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Bob Marley to be honoured with blue plaque

BLUE PLAQUE: The commemorative sign will be installed on Bob Marley's former Chelsea home

BOB MARLEY’S former London home is to have a blue plaque installed.

The iconic reggae singer resided in the house in Chelsea after an assassination attempt was made on his life in Jamaica.

Marley lived with his band The Wailers in the house, which is located on Oakley Street, off King’s Road, in 1977.

During the time that they were living in the house, the band finished the recording of their album Exodus.

Historian David Olusoga, a trustee of English Heritage and a member of the blue plaques panel, has said he is particularly excited about Marley’s blue plaque.

“From engineering to music, this year’s blue plaques remind us of the enormous range of human achievement.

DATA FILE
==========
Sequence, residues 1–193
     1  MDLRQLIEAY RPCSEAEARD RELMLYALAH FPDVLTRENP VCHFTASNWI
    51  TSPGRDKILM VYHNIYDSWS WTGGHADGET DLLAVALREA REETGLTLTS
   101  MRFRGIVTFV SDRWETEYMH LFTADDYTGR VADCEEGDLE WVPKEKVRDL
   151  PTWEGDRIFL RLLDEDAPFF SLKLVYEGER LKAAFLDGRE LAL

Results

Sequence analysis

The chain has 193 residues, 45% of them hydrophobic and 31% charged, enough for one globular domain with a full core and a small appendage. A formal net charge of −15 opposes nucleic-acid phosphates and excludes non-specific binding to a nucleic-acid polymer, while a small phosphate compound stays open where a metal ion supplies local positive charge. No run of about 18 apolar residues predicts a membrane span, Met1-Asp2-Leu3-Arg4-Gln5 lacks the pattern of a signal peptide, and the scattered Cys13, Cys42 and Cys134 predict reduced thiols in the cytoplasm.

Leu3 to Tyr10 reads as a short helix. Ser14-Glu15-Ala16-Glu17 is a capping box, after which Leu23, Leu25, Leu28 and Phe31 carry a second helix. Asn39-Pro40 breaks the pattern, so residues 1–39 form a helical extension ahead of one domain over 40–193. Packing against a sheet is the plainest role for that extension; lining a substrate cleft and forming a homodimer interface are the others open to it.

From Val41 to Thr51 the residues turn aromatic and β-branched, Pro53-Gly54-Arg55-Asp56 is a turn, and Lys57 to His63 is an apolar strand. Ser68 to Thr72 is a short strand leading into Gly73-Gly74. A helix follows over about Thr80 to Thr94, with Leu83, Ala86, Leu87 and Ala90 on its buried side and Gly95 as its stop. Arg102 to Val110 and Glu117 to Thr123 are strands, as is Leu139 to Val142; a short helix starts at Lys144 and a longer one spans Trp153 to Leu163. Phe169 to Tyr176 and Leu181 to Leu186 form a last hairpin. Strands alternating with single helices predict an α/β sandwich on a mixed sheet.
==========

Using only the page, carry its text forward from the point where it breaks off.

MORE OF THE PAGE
“Personally, I am particularly excited by the Bob Marley plaque. Marley was more than a brilliant musician, he became a cultural icon who blazed a trail for other black artists.

“All of our blue plaque recipients called London home, at least for a while, and our plaques are a testament to the creativity and variety of this city,” he said.

Another blue plaque commemorating the singer is located at Ridgmount Gardens, Camden, where Marley also lived for a time.

In addition to Marley, this year will see blue plaques installed to recognise traveller, archaeologist and diplomat Gertrude Bell, novelist Angela Carter, war correspondent Martha Gellhorn and Lilian Lindsay, the first woman to qualify as a dentist, and civil engineer Sir John Wolfe Barry.

London’s blue plaques scheme is an initiative run by English Heritage. The plaques celebrate the links between notable figures of the past and the city’s buildings.

To be eligible for a blue plaque, the candidate must have died at least 20 years ago.

Information on how to nominate someone for a blue plaque can be found on the English Heritage website.

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